Interprofessional Group of Manufacturers for Marketing Study
09/11/2021 | Sell, market, distribute

The behaviour of the professional buyer is broadly similar to that of the private consumer, with some specificities.

The dynamics of purchasing have changed dramatically with the rise of e-commerce, and companies are getting up to speed. B2B sales are no exception and must also deal with these new uses and adapt their actions to the behaviour of the professional buyer. A target in its own right that cannot be reached without a refined strategy.


What are the new behaviours of B2B buyers?

In his research, the B2B buyer adopts the reflexes that he/she has as a private consumer. And it is on the web that he finds, compares information and prices before making a decision. But the use of the digital tool does not stop there and extends to the transaction.

 The Fédération de l'e-commerce et de la vente à distance (Fevad) has forecast a clear increase in online sales in 2020. This is an increase of 8.5% in one year, which is a logical continuation of the boom in product sales on the Internet. The share of e-commerce in retail trade was 13.4% in 2020, while it was already 9.8% in the previous year.

 E-commerce sales in B2B are following the same upward trend and are expected to continue to eat into the territory of traditional sales. Between 2017 and 2019, B2B online sales grew by 50%, according to figures from Insee and Fevad, and accounted for almost a quarter of sales to professionals in 2020. This already considerable figure is only the tip of the iceberg, since upstream of the transaction, around 3 out of 4 B2B buyers do their research on the internet.

 This popularity is explained by the time saved, the savings in travel time and the relative simplicity of online procedures. For professionals, the expectations go further as the digitalisation of the market offers them an overall view, while allowing them to identify each product in great detail, thanks to the technical documentation available in digital form.


How to adapt your strategy?

The B2B seller must be able to meet the new expectations of his customers. To effectively negotiate the digital shift, companies can rely on software specially designed to support professionals in their digital transformation. At the same time, this requires the teams to develop their skills so that everyone can take advantage of these new tools and exploit their full potential.  In fact, the transition is already underway in most companies, but for the deployment to be successful, the strategy must be adapted to the field.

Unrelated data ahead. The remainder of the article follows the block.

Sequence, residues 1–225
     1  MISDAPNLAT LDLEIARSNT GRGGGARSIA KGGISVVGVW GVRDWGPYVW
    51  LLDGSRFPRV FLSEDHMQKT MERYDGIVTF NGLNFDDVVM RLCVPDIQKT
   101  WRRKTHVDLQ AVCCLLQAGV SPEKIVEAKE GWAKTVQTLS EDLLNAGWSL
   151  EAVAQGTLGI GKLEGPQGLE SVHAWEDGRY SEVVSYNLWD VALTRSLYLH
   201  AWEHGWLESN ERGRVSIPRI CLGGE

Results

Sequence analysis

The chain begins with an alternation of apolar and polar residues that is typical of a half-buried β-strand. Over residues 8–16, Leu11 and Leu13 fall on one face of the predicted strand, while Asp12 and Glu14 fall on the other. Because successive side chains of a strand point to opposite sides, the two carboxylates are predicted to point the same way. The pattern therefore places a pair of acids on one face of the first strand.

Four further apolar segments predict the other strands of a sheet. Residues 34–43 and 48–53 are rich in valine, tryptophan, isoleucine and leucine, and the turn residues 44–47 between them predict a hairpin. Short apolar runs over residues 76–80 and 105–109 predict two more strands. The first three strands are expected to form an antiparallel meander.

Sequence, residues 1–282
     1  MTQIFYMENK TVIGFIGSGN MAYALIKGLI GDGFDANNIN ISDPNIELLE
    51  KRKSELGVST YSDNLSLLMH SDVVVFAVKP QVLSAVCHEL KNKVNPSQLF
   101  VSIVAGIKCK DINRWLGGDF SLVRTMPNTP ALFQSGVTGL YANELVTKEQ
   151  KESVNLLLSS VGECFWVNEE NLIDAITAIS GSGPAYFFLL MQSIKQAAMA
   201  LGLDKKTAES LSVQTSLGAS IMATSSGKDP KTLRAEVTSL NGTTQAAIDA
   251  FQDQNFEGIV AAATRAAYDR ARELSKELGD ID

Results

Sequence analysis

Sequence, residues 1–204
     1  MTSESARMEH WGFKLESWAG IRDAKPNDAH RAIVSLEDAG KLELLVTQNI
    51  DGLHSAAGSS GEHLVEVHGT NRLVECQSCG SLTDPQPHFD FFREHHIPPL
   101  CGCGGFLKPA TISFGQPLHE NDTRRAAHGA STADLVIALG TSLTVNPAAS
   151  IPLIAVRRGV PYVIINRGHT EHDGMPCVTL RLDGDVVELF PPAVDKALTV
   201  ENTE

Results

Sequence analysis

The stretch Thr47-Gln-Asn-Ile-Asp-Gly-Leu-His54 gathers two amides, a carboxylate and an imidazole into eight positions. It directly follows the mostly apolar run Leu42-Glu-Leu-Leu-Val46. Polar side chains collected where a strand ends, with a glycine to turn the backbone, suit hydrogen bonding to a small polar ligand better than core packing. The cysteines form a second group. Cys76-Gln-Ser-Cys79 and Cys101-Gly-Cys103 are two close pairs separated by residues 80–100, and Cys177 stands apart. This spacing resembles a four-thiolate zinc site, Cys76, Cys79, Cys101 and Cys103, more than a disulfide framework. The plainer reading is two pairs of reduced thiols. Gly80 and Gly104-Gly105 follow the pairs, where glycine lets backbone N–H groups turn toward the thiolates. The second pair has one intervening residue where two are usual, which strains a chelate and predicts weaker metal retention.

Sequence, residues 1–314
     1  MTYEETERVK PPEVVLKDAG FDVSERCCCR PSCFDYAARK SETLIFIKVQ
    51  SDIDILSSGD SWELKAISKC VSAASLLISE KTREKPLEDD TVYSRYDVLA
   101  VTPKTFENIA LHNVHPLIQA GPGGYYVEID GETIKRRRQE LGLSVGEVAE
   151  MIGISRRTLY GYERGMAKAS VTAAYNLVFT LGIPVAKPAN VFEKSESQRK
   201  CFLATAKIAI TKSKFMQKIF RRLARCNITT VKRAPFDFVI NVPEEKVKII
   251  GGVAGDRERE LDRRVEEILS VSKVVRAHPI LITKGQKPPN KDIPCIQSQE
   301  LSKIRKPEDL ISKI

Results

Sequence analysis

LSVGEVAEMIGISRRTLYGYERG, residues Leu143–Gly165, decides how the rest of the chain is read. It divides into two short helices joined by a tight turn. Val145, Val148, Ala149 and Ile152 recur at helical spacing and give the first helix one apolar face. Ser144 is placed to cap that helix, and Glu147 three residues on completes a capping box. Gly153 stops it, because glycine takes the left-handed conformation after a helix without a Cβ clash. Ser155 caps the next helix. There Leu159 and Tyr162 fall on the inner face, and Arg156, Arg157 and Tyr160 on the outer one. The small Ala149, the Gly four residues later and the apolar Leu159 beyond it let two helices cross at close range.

The seller must, first of all, ensure his visibility to his target buyers. Unless the company has an exclusive reputation in its market, it will not be sought after for itself, but for its products. This implies knowing how to use the mechanics of web referencing to one's advantage or calling on the services of a digital communication agency specialising in one's sector of activity, and more particularly in B2B activities.

 The behaviour of the professional buyer is significantly different from that of the average consumer. The aim is not to trigger the impulse to buy with advertising banners but to establish a solid and qualitative web appearance. In other words, to become the reference in its market. To define a digital strategy, the salesperson must identify the specific behaviour of his or her target audience on the Internet and mobilise the right communication channels.

 Alongside the acquisition of traffic and the deployment of online commercial actions, the company must take care of its brand image on the Internet. Review platforms play a key role in the decision making of professional buyers who will take the time to research before buying. This new assessment grid requires not only an adaptation of the company as a whole, but also a profound transformation of the commercial relationship.


What will be the commercial relationship of tomorrow?

The evolution of the commercial relationship is also based on the implementation of new tools. CRM (Customer Relationship Management) systems have become essential to help sales representatives manage customer relations before, during and after the sale. When properly mastered, this tool is a valuable steering aid, offering a complete vision in real time, which is essential for defining priority actions.

 The salesperson of tomorrow will also have to deal with the increasing autonomy of the B2B buyer. The approach is evolving and takes into account the difficulties encountered in the digital field: the omnipresence of one or more competitors, negative ratings or comments on platforms, etc. Marketing and sales actions must be carried out in concert and remain consistent in the eyes of the prospect. The customer will have reviewed the company's information and products and will have already formed an opinion before contacting the sales representative. Also, part of the argument is woven before the first exchange. The information posted on the products must be as complete and accurate as possible. In terms of reputation, the best way to address the distrust of potential buyers is to respond systematically and individually to contentious comments and unfavourable reviews left on specialist platforms. Although the process is potentially time-consuming, it has the advantage of being simple and demonstrates the seriousness and responsiveness of the B2B salesperson, which makes it possible to approach the sales pitch on a solid basis.